President Cyril Ramaphosa described Eskom’s latest round of load shedding as quite a “shock”. He was speaking to journalists following the African Union heads of state summit on Monday, in Addis Ababa, Ethiopia.
The president said that the fact that six power generating units went down on Monday, leading to stage 4 load shedding, was “most worrying, most disturbing”.
“It shocked me and made me quite angry that we’ve reached this stage of dysfunctionality,” he said.
The president said that Eskom is a risk, and needs to be addressed.
“We have got all our energy eggs in one basket. When the generator of energy in our country reports that there are six units (down), it means that all six eggs are broken.”
South Africans endured the most intense supply cuts in four years on Monday, while Moody’s Investors Service warned that worse could be yet to come, Bloomberg reported.
Moody’s said that the state energy firm is a significant risk to South Africa’s finances and president Ramaphosa’s strategy to split the company into three does little to address its problems.
The rand also suffered, and was the worst-performing major currency against the dollar Monday.
“No modern economy can operate without power,” said Mike Schussler, an economist at economists.co.za.
“If we had stage 4 load shedding every day, it would take away 10% of the power of the South African economy.” Eskom has about 40,000 megawatts of installed generating capacity.
The president said that Eskom requires a new business model, to “minimise the risk, minimise our risk as a nation”.
Providing Eskom, which has R419 billion ($30 billion) of debt, financial support before taking measures to generate savings at the utility would be credit-negative for the country, Moody’s said. The remedies would entail “unpopular decisions” on electricity tariffs, it said.
Power cuts may cost the country as much as R5 billion a day, according to the Organisation Undoing Tax Abuse, a civil-society group.
Regular supply interruptions are creating uncertainty that endangers businesses that are highly dependent on the utility, said Shaun Nel, a spokesman for the Energy Intensive Users Group of South Africa, whose members consume more than 40% of the nation’s power and include Anglo American Plc.
“We’re going to see companies close in the smelting industry,” Nel said. Between already-high tariffs and the spectre of more supply cuts, the victims will be “small foundries and smelters that shut down and never come back,” he said.
The country is Africa’s biggest steel producer, and Eskom first throttles supply to industrial customers before cutting retail consumers.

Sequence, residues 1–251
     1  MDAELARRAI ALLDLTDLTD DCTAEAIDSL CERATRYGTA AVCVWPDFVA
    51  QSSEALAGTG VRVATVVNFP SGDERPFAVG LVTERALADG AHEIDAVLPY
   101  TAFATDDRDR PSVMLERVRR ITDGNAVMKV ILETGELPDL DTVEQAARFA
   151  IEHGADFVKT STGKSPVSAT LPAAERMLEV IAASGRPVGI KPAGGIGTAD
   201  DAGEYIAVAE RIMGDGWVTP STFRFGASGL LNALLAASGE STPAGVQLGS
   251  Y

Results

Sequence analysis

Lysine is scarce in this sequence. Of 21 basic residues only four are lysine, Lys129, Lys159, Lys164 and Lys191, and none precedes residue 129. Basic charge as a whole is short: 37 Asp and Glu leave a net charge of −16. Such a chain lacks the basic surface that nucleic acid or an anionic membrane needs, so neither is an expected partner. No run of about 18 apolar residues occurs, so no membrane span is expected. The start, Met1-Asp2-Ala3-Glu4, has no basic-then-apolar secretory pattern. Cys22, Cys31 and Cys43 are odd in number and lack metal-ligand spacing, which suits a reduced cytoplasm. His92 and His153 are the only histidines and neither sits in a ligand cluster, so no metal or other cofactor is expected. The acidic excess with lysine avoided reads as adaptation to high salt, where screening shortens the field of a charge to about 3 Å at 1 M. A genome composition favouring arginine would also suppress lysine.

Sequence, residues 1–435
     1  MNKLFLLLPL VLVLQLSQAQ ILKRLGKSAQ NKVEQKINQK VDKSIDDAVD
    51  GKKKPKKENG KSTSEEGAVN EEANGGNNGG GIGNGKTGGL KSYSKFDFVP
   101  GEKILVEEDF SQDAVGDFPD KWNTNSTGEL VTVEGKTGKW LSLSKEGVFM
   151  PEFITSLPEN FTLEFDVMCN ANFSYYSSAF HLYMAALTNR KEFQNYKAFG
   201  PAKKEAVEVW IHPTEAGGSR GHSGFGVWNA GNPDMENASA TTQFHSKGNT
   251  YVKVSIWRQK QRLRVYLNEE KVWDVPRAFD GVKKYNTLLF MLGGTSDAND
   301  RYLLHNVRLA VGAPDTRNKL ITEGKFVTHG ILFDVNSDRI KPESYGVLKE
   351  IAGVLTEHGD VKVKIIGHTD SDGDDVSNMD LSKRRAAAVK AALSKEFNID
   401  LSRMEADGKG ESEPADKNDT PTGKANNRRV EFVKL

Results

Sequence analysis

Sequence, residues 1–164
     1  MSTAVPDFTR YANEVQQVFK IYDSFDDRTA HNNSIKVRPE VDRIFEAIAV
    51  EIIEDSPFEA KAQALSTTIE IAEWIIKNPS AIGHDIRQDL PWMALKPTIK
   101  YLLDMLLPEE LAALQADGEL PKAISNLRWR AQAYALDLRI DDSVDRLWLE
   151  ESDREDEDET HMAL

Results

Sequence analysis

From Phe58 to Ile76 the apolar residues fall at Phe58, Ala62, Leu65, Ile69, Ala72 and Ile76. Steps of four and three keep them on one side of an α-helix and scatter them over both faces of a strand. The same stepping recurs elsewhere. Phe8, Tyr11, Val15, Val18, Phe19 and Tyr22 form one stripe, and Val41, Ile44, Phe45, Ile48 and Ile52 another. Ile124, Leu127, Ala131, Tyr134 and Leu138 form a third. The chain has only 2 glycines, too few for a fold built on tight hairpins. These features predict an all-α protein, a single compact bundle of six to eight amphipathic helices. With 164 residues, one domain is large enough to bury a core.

Moody’s comments are a reminder that major structural issues such as power insufficiency are serious constraints on the real economy and put pressure on public finances, said Piotr Matys, London-based emerging markets currency strategist at Rabobank.
“Those issues pose a major challenge for president Ramaphosa’s administration,” he said.
Eskom board ‘uncomfortable’
Eskom’s Board on Monday convened an urgent meeting with the company’s executive management and the Minister of Public Enterprises, Pravin Gordhan.
The company said that the escalation from stage 2 to stage 4 load shedding was caused by a further seven generating units that tripped within a period of five hours.
“This report on the causes, including all the challenges of the new and old power stations, was much of the deliberations between the Board, management and the Department of Public Enterprises in today’s meeting that lasted for over to six hours.”
It said that by Monday evening, four units had returned to service and it is expected that the remaining three will be back to service by Tuesday morning. “We will have a systems- and operations update within the next 24 hours,” it said.
“The Board was provided with a detailed analysis about breakdowns in Eskom’s new build programme and at its fleet of older power stations. The Medupi and Kusile power stations – the core of the new build programme – are continuing to show a lack of reliability to contribute meaningfully to Eskom’s generating capacity, which is a serious concern.
“The Board has resolved to institute an urgent review to establish when, realistically, these projects will be completed, the extent of design- and other operational faults, what steps can be implemented to minimise the ever-escalating costs and what can be done to increase output,” Eskom’s statement said.
Eskom chairman, Jabu Mabuza, said: “We remain uncomfortable about the stability of the generating system but will keep the country informed of our progress over the next few days in providing better assurance about electricity supply.”